Academic journal article Military Review

The Quiet Enemy: Defeating Corruption and Organized Crime

Academic journal article Military Review

The Quiet Enemy: Defeating Corruption and Organized Crime

Article excerpt

[ILLUSTRATION OMITTED]

CORRUPTION AND ORGANIZED crime undermine counterinsurgency and stabilization efforts by delegitimizing state institutions in the eyes of host nationals. To some in the U.S. military, however, these dynamics may seem to be beyond the military's resources and solely the responsibility of civilian and host country agencies. This article offers a framework through which every level of the military can better understand illicit behavior and develop a plan to attack it. The framework uses military resources efficiently, but recognizes that only the military may have the strength and reach to influence some of the factors that give rise to illicit behavior in post-conflict environments. It breaks down the factors influencing illicit behavior into three targets that can serve as focal points for military operations--opportunities, risks, and rewards. These are the primary areas of consideration of those deciding to pursue illicit behavior. The military must seek to reduce opportunities for illicit behavior, increase the risks of partaking in it, and minimize its potential rewards. In so doing, it can more effectively deal with the various illicit activities that plague stabilization environments and undermine broader counterinsurgency efforts.

A Framework for Fighting Corruption and Organized Crime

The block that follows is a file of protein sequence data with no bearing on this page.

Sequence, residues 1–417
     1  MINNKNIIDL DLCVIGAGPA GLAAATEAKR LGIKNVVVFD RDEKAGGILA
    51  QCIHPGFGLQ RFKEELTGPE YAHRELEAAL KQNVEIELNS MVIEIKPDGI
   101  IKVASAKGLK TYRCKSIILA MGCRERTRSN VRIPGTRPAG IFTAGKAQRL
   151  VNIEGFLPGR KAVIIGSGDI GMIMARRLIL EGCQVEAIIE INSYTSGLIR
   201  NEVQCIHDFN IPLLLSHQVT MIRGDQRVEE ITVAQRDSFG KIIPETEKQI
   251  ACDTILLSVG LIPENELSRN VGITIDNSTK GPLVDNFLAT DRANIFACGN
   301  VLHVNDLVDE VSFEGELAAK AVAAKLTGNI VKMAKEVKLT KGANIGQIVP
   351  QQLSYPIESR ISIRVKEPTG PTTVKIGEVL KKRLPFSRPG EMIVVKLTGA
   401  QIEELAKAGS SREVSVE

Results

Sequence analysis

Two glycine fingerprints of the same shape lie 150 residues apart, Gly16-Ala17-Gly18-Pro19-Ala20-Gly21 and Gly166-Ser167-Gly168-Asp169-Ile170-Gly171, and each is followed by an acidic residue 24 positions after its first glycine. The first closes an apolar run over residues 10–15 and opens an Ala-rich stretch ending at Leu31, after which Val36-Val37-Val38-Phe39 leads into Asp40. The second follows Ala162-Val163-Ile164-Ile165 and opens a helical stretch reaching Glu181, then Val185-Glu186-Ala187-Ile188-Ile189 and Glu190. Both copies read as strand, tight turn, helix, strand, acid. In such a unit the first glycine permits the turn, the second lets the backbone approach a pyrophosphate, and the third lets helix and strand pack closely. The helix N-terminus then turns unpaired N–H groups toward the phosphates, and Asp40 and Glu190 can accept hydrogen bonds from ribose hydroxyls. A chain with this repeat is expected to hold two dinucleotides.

Targeting opportunities, risks, and rewards allows policymakers to develop a comprehensive strategy to fight corruption and organized crime. It also enables provincial commanders to formulate localized plans to address illicit behavior in their areas of responsibility.

Defining the problem of illicit behavior. The literature on corruption is rife with prolonged definitional debates. (1) The only useful understanding of corruption, however, is one that helps efficiently direct limited military resources towards achieving clear objectives in combating it. Corruption and organized crime, which I will refer to together as "illicit behavior," threaten to undermine key governing institutions, and therefore the entire counterinsurgency effort. Consequently, the military must focus its resources on attacking illicit behavior that undermines security organizations, key public service agencies, and economically essential industries. This understanding requires further elaboration.

Civil conflict often leads to the breakdown of state and social institutions. Entities that individuals might rely on to provide basic services such as security, water, electricity, or education often disintegrate as violence escalates. The process of stabilization involves rebuilding institutions around which society can shape its activities and upon which individuals can rely to enable their well-being. However, vacuums created during conflict and rebuilding often empower groups that undermine the success of new institutions by pursuing their own illicit activities and alternative power structures.

Frequently, during conflict, as established institutions break down, individuals form alliances capable of delivering both licit and illicit products and services. While some are concerned with importing food, water, clothes, or other necessities, many exploit the situation by dealing in guns, drugs, human trafficking, and other improprieties. Not infrequently, the same organizations that control transportation conduits also control regional relationships. In such an environment, organized criminal groups focused on profiteering build strong power bases, allowing them to exert control after the peace. (2) To maintain this power, organized criminal groups must develop "hand-in-glove" relationships with corrupt politicians. (3) Such relationships ensure immunity from government aggression, enrich compromised officials, and provide access to additional public resources. In the words of one commentator on post-conflict Bosnia, "Key players in the covert acquisition and distribution of supplies during wartime have emerged as nouveau riche 'criminal elite' with close ties to the government . …

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